The Older I Get, the Better It Was

My birth year is 1959 — positioning me at the tail end of the baby boom.

According to statistics, there are 5.5 million boomers in Australia.

Boomers grew up in a world different to the one we inhabit today.

  • Bank managers were prudent;
  • Teachers were respected;
  • Higher education was free;
  • Welfare was afforded to the elderly or less fortunate;
  • Life expectancy was widely acknowledged to be ‘three score and ten’ (equivalent to the age of 70). Anything above that was considered to be ‘a good innings’;
  • There was an abundance of jobs…without the need for tertiary qualifications;
  • Prior to the introduction of credit cards, you went ‘cap in hand’ to the bank manager for a secured or unsecured loan. You needed to demonstrate your credit worthiness with a proven savings record;
  • You were allowed to go unattended to the park to kick a footy or spend a day exploring bushland;
  • You misbehaved…you expected a clip around the ears;
  • The courtesy of ‘please and thank you’ was the rule rather than the exception;
  • And best of all, there were no iPhones or video surveillance to record those times when you were not quite on your best behaviour…


Life was simpler back then.

But nothing stays the same forever.

The dynamics change.

And while we may reminisce about the ‘good ol’ days’, we must accept responsibility for making the world more complex.

We took full advantage of the previous generation’s austerity to create our prosperity.

The frugality of our parents and grandparents established a solid financial foundation: conservative debt levels; prudent lending conditions; and affordable housing.

Boomers took these stable conditions for granted and leveraged up.

Our willingness and eagerness to bring forward future consumption generated an unprecedented (an unsustainable) level of economic growth.

Upon reflection, I can’t help but think our generation has seen the best of times.

On balance, our youth and working lives have been pretty good.

Boomers are now progressively moving into retirement.

This phase of our lives is not looking so promising.

In the years and decades ahead, the wealth cycle will complete its rotation — prosperity back to austerity.

Sadly, most of my fellow boomers are ill-prepared for what lies ahead.

A fellow boomer recently reminded me of an article I wrote for The Gowdie Letter nearly two years ago.

He said: ‘The more I read and see today, the more I’m convinced of the path you warned about.

Here’s an edited extract of that article:

In my opinion we’re on the cusp of a major trend that’s going to impact asset values in the decades to come.

Whether you agree or disagree with the conclusions, I trust it makes you think a little deeper about the road ahead.

Assuming what’s happened in recent history will “continue to be so”, could prove to be a serious miscalculation. A miscalculation that could literally ‘make or break’ your retirement plans.


Workers and retirees are heading into an unhappy future.

Deflation. Debt. Demographics. Deficits. Depression.

I’ll go back over some old ground quickly.

  • The Depression era generation (my parents) were generally frugal.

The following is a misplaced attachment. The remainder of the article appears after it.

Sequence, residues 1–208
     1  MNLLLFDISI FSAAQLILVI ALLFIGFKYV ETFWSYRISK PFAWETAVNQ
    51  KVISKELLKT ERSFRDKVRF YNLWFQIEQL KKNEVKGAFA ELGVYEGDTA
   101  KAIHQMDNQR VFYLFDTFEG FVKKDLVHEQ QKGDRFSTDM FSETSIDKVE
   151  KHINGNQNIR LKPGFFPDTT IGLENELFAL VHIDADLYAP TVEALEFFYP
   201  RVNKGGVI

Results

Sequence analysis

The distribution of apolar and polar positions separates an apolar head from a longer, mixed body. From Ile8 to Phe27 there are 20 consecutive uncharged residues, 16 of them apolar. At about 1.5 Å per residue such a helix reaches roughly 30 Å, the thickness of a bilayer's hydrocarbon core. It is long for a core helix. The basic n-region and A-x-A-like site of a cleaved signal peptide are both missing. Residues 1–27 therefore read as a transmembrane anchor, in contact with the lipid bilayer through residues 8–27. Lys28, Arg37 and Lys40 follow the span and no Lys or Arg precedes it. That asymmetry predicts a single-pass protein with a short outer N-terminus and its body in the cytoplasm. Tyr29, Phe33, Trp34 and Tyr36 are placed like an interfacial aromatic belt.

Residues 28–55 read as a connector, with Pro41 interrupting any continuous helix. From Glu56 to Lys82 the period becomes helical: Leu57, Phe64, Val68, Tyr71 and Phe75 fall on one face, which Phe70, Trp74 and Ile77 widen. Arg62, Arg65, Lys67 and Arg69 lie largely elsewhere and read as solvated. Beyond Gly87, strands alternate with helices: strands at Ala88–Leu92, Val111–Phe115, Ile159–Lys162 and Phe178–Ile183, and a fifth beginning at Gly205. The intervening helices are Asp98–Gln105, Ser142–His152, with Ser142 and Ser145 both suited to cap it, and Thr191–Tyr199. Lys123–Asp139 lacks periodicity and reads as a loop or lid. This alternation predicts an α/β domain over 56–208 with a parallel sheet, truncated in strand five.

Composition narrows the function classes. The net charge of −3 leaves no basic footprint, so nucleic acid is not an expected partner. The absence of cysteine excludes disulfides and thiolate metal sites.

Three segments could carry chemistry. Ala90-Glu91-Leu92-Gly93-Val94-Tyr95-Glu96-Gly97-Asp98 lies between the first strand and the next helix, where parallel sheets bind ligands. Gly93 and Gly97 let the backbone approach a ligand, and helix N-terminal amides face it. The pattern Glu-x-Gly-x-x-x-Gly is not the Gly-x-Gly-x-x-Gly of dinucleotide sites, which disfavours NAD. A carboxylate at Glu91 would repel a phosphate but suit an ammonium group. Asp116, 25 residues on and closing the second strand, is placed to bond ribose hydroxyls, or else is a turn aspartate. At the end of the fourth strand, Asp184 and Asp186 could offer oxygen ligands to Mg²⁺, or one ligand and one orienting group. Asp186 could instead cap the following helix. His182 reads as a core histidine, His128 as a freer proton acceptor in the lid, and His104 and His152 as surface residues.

• Boomers were much less frugal than their parents. We borrowed (a lot) to have a better lifestyle.
  • That ongoing debt accumulation process produced artificial economic growth statistics, showing the economy was growing faster than it really was.
  • Governments promised a truckload of entitlements on the back of the artificial (and unsustainable) economic activity.
  • The spiraling cost of living, housing and funding for retirement (all as a result of the debt infusion into the economy) forced families to have fewer “mouths to feed”.
  • The lower birth rates translate into a lower number of future workforce participants.
  • The future workforce participants are burdened with higher levels of borrowing for housing; higher levels of funding for childcare; higher taxes to pay for entitlements promised during the economic golden age; and longer working lives to pay for all the above plus their own retirement.


I think that pretty much sums it up.

We have a serious demographic showdown coming our way within the next decade.

In one corner we have the Boomers. They have expectations of still living a lifestyle just slightly above their means (financed from investment income, capital drawdowns, reverse mortgages, age pensions and access to low cost healthcare).

And in the other corner are Gen X, Gen Y and the Millennials. They’re none too happy with the debt and entitlement legacy left by the Boomers. A legacy which is leaving them with being taxed higher for longer.

The economic tailwind created by the boomers from 1980 onwards is now building into a gale force headwind.

Economic activity is largely a result of a productive workforce.

The following chart shows how GDP growth is impacted by demographics.

Young people detract a little from GDP growth, whereas old people detract a lot.

The economic sweet spot is when you have a large cohort of 20 to 44 year olds in the economy. For those past 44, remember what it was like back then? Setting up your home; buying cars; educating, clothing and feeding children. This all translates into a higher level of economic activity.

Developed Markets GDP Growth 28-08-17

Source: Nomura Research
[Click to enlarge]